Google formally unveiled its virtual MVPD service Tuesday, YouTube TV, showing off a $35-a-month package that will include each of the Big Four major broadcast networks, as well as top cable-channel siblings from their conglomerate families.
The streaming service will include a cloud DVR and will feature Netflix-style bifurcation of user accounts and associated user recommendations for up to six individuals.
The service will include notable cable networks such as ESPN, USA and FX. These channels will be included in an interface that also curates from YouTube’s vast flora and fauna of user-generated content. However, major programming conglomerates like Time Warner Inc., Viacom, Discovery Communications and AMC Networks are not in YouTube’s skinny bundle.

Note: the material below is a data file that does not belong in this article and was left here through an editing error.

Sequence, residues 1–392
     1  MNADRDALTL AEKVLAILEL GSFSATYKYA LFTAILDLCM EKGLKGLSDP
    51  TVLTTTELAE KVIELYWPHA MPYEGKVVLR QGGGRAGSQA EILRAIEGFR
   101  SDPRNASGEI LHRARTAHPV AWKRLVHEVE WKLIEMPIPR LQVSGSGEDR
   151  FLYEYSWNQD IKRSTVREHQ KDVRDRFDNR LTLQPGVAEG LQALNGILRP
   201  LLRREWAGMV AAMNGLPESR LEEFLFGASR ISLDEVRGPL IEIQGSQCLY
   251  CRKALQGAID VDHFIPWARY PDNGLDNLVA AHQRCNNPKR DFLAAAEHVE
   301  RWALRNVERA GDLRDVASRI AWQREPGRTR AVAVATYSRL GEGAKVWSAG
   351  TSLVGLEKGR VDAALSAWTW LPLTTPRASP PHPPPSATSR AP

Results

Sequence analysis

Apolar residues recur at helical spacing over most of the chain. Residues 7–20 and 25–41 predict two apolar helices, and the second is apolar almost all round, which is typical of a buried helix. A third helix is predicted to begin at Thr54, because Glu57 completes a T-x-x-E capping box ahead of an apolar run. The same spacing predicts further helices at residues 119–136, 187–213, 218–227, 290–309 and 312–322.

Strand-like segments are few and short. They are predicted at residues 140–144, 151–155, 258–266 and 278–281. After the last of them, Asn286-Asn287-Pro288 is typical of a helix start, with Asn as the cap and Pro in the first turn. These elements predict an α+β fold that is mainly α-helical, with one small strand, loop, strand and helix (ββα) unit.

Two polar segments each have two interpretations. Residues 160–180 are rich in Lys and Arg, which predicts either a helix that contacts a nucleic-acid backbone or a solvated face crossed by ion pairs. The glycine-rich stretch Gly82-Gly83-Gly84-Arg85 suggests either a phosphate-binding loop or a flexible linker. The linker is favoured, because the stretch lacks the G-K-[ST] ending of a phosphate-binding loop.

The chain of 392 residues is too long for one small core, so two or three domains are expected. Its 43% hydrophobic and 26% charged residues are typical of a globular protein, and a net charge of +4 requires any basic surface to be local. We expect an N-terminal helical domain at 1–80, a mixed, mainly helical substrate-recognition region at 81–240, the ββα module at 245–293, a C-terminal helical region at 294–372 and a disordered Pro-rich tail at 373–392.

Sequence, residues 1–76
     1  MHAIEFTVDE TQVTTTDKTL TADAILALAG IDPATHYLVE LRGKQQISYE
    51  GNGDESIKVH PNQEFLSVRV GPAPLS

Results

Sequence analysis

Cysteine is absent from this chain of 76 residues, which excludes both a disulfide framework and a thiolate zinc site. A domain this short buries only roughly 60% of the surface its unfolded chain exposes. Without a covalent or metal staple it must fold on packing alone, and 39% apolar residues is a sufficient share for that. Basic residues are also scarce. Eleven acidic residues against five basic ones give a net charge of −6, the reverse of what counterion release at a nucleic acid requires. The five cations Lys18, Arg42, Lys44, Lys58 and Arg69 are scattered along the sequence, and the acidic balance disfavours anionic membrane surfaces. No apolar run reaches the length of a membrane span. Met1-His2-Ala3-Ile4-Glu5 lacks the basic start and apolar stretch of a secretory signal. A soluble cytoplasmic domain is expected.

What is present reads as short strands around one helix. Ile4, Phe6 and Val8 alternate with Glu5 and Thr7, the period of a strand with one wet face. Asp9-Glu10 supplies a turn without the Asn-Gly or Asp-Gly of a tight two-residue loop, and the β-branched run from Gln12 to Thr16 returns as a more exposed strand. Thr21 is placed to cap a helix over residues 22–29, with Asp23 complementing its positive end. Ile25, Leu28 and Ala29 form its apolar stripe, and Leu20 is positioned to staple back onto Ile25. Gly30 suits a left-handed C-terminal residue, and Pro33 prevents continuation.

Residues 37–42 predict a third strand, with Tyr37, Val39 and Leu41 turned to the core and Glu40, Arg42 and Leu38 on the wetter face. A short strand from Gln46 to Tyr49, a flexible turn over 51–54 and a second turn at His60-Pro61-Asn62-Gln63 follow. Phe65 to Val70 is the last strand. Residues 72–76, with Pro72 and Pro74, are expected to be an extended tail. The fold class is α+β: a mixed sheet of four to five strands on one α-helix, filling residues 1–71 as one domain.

This means that leading channels like TNT, TBS, AMC, Discovery and MTV are not in the package. Time Warner's HBO won't be available as an extra, either, but CBS Corp.'s Showtime will. Comcast-owned regional sports networks will also be available in some markets.
“Given the robust content and service offerings on top of YouTube's massive user base and near-ubiquitous distribution platform, YouTube TV could easily surpass sub levels of competitors. While the economics behind the network deals have not been disclosed, YouTube TV will likely operate at a loss at this early stage,” said Jefferies analyst Brian Fitzgerald.
YouTube Unplugged is the latest virtual MVPD service to enter an increasingly competitive market. Three months ago, AT&T launched DirecTV Now into a fray that already included Dish Network’s Sling TV and Sony’s PlayStation Vue. A live-streaming service from Hulu is expected to come along shortly.
“Hulu is probably one of the biggest ones,” Sling TV CEO Roger Lynch said to investors during Dish’s fourth-quarter earnings call last week. “And I would expect that they'll do a good job with their launch. And that will have an impact on our market share, certainly just like I'm sure DirecTV Now had an impact on our market share. Then the question is how quickly will the market grow?”